According to Empire, the struggles of the modern proletariat are very different from those “that stretched from 1968 to the fall of the Berlin Wall”. (53) In those two decades, the crisis of capitalism gave rise to “an international cycle of struggles based on the communication and translation of the common desires of labor revolt”. (p.54)

A new militancy has arisen in its place, according to Negri and Hardt, and examples in the 1990s include Los Angeles (1992), Chiapas (1994), France (1995), and South Korea (1996). They claim that what sets these struggles apart from the earlier generation is that “Each of these struggles was specific and based on immediate regional concerns in such a way that they could in no respect be linked together as a globally expanding chain or revolt. None of these events inspired a cycle of struggles, because the desires and needs they expressed could not be translated into different contexts . . . revolutionaries in other parts of the world did not hear of these events . . . and immediately recognise them as their own struggles.” (p.54)

In short, “struggles have become all but incommunicable”. (p.54) But why? This strange claim flows from the authors’ view that modern capitalism, based not on industrial production but immaterial labour, has lost its cyclical character based on internally generated crises of accumulation and overproduction. The objective foundation for proletarian internationalism has gone because it was rooted in the existence of nation-state based working class movements. Today’s struggles, like bad wine, do not travel well.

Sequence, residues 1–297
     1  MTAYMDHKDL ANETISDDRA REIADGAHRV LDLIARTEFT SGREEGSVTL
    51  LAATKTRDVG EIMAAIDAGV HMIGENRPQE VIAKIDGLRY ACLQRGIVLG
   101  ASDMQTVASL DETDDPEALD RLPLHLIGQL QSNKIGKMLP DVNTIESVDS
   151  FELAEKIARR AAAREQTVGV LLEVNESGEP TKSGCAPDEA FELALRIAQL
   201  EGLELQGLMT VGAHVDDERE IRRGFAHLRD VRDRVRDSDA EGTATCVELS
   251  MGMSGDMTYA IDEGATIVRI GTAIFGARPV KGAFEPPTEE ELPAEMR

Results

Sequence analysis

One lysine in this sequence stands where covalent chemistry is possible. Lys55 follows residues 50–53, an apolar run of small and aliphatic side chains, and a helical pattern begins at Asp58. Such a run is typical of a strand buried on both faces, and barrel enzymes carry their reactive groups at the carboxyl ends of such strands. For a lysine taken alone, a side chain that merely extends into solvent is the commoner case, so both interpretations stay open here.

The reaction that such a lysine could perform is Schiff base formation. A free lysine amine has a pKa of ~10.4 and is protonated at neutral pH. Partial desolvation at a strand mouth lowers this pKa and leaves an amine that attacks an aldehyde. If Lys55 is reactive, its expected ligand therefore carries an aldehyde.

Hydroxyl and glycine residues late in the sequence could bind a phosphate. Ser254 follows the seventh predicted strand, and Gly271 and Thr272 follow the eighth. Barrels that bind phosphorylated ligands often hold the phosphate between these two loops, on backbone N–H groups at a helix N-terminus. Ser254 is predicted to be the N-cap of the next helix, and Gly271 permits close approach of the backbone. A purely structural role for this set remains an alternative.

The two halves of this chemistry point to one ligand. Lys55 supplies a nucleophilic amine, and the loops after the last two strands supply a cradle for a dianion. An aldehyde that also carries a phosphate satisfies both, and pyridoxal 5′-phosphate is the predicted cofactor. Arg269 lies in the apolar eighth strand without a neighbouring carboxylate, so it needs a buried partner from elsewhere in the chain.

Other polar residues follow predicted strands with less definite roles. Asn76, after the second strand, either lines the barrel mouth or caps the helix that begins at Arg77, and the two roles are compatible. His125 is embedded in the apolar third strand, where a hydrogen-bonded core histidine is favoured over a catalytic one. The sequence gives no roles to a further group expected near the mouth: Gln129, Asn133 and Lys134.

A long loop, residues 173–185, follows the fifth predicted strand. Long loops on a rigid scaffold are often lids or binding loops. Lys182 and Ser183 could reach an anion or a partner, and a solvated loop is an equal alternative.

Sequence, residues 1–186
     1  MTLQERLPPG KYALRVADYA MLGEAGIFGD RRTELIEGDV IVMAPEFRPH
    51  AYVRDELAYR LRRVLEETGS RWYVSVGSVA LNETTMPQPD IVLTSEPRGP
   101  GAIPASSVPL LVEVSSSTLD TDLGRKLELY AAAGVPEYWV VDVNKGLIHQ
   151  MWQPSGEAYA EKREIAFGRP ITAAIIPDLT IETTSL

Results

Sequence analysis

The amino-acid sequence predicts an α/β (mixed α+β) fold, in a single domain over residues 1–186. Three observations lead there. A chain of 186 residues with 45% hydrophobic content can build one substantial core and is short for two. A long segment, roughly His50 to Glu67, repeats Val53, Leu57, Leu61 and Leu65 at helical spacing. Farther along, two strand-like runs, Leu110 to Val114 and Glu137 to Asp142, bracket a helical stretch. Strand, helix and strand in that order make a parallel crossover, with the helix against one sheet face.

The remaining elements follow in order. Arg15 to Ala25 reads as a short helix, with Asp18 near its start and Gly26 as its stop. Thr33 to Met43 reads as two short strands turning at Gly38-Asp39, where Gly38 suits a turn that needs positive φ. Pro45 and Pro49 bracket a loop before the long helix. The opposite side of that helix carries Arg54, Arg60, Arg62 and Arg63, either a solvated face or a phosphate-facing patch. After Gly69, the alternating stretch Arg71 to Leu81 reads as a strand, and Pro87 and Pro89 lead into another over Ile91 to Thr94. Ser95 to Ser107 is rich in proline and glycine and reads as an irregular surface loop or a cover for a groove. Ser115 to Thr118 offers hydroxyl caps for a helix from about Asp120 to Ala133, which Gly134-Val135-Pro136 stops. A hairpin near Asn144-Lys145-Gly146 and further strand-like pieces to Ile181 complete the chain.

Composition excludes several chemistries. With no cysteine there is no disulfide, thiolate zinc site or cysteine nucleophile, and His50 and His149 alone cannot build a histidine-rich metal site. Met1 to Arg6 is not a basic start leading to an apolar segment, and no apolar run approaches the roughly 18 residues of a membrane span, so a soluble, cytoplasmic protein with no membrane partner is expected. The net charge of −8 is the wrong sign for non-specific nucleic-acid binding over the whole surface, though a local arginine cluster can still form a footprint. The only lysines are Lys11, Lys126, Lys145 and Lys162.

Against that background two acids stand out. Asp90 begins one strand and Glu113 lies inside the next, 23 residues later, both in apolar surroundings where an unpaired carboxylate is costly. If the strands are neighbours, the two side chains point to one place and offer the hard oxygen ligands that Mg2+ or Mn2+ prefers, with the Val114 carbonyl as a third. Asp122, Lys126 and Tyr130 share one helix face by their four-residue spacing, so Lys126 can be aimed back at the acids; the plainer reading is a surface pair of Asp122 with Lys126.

But all is not lost! What these struggles lose in communicability they gain in intensity since these struggles, seemingly isolated and unconnected, all “leap vertically and touch immediately on the global level”. So, for example, although the grievance of the peasants in Chiapas starts out from a history of local exclusion from the Mexican state and society, in fact, they are immediately connected to the nature and functioning of Nafta. (p.55) Moreover, all the struggles mentioned “are at once economic, political and cultural” (i.e. biopolitical).

Again, the best refutation of this view of the post Cold War struggles lies in recent developments in the real world. There is no mention or hint of the anti-globalisation or anti-capitalist movement in Empire. The book was no doubt put to press shortly before the momentous events in Seattle at the end of the twentieth century etched the arrival of this global movement into every progressive’s mind.

Although embryonically present in various struggles from the mid-1990s, the anti-capitalist movement came of age in the Seattle demonstrations against the WTO ministerial and announced the arrival o